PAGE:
The Apocalypse in African-American Fiction

By Maxine Lavon Montgomery | Go to book overview

CHAPTER 6 Toni Morrison, Sula

As children of captivity we look forward to a new day and a new, yet ever old, land of our fathers, the land of refuge, the land of the Prophets, the land of the Saints, and the land of God's crowning glory. We shall gather together our children, our treasures and our loved ones, and, as the children of Israel, by the command of God, faced the promised land, so in time we shall also stretch forth our hands and bless our country.

Marcus Garvey, Speech delivered at Madison Square Garden, March 1924

Toni Morrison Sula is structured around catastrophes of various sorts, from individual deaths to the destruction of the Bottom, which is razed in order to make room for a golf course. With each of them there is a projected return to a mythic past--much like Marcus Garvey's idealized Africa--where there is community, harmony, and freedom. Drawing upon an African cosmological system, Morrison maintains that although life in modern America is chaotic, it is possible to escape life in the West and recover the time of the black community's non-Western beginnings.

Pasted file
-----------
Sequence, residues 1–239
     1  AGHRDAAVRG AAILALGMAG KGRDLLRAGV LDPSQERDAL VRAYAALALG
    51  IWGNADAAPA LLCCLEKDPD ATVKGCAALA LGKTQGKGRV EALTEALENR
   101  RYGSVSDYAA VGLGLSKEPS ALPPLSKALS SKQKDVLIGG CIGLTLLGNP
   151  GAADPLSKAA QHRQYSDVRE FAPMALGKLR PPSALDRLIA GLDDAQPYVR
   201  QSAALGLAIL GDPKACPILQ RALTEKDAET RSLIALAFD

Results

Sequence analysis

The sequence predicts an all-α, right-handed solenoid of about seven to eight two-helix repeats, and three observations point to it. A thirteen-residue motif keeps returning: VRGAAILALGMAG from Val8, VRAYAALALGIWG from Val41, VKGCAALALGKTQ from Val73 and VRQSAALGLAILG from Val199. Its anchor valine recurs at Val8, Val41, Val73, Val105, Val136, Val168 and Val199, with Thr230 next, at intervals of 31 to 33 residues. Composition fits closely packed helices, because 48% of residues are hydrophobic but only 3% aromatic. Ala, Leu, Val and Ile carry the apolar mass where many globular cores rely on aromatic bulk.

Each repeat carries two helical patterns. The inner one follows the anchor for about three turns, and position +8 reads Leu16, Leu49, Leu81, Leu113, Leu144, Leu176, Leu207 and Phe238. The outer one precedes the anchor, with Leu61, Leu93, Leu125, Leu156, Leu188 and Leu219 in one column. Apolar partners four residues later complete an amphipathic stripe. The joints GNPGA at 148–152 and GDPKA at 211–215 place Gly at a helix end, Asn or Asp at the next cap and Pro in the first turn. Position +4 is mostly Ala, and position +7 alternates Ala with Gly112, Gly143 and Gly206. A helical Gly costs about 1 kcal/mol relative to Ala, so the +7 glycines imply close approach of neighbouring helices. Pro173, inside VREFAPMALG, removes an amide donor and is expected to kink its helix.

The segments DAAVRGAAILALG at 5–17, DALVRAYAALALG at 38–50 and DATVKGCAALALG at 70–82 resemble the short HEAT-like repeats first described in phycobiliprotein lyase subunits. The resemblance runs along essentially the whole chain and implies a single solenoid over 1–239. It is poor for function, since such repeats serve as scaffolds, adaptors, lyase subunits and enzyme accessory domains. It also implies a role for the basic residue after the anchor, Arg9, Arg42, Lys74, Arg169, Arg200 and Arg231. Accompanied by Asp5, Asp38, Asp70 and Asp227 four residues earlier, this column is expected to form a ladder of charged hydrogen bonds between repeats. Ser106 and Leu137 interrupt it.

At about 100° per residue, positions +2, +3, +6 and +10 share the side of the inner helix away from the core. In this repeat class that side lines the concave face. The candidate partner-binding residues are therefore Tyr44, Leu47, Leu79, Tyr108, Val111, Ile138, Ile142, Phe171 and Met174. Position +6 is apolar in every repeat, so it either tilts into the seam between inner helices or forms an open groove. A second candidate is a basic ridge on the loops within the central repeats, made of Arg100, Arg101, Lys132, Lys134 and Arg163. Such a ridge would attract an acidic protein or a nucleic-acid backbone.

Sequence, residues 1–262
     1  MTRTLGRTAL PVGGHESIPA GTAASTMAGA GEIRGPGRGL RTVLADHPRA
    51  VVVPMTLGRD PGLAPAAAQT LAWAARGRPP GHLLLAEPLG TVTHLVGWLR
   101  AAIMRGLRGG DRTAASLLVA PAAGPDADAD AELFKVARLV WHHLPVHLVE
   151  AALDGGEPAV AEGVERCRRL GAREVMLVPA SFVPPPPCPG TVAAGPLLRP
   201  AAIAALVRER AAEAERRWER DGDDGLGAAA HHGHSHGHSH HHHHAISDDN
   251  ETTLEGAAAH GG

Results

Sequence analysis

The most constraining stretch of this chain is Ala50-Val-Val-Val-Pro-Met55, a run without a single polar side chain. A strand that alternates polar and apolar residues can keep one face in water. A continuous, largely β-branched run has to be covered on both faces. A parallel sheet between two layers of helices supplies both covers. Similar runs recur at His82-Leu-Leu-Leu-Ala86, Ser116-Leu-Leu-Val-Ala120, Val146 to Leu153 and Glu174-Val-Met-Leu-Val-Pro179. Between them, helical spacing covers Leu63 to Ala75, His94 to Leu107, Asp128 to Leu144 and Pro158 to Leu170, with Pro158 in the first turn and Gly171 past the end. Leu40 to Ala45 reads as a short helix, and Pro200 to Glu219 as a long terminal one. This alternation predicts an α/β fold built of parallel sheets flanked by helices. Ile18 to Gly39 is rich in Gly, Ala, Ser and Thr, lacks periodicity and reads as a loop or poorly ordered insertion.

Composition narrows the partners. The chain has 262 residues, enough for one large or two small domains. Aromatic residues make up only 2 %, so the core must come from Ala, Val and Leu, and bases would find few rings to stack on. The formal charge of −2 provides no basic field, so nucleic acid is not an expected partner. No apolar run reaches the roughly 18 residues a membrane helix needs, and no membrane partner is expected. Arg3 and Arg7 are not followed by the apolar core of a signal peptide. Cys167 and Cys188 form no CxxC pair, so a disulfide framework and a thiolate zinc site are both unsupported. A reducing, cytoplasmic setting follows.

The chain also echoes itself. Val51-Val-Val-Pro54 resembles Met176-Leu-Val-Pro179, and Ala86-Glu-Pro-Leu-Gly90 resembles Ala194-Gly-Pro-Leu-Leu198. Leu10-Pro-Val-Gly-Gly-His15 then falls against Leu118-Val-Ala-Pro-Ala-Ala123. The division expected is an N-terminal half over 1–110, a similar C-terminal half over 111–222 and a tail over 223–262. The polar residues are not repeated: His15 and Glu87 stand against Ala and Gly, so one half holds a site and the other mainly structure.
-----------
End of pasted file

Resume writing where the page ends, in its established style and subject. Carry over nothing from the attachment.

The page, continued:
Modern Chaos and Ancient Paradigms

The destruction of the Bottom, a black community located in the hills above the fictional town of Medallion, Ohio, is a central event in Toni Morrison Sula. With the collapse of a tunnel linking Medallion to a neighboring town and the leveling of the Bottom in order to make room for a golf course, the community appears to have reached its inevitable end. Those in the Bottom are attuned to natural phenomena and the socioeconomic influences circumscribing their lives. Natural disasters, unexpected deaths, and continued racist oppression serve as bitter reminders of the near-tragic dimensions of life, for to be black in America is to experience calamity as an ever-present reality, to live on the brink of apocalypse.

-74-

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The Apocalypse in African-American Fiction
Table of contents

Table of contents

  • Title Page ii
  • Contents vii
  • Preface ix
  • Introduction 1
  • Chapter 1 Charles Chesnutt, the Marrow of Tradition 15
  • Chapter 2- Richard Wright, Native Son 28
  • Chapter 3 Ralph Ellison, Invisible Man 40
  • Chapter 4 James Baldwin, Go Tell It on the Mountain 52
  • Chapter 5- Leroi Jones [imamu Amiri Baraka], The System of Dante's Hell 64
  • Chapter 6 Toni Morrison, Sula 74
  • Chapter 7 Gloria Naylor, the Women of Brewster Place 88
  • Notes 103
  • Bibliography 107
  • Index 111
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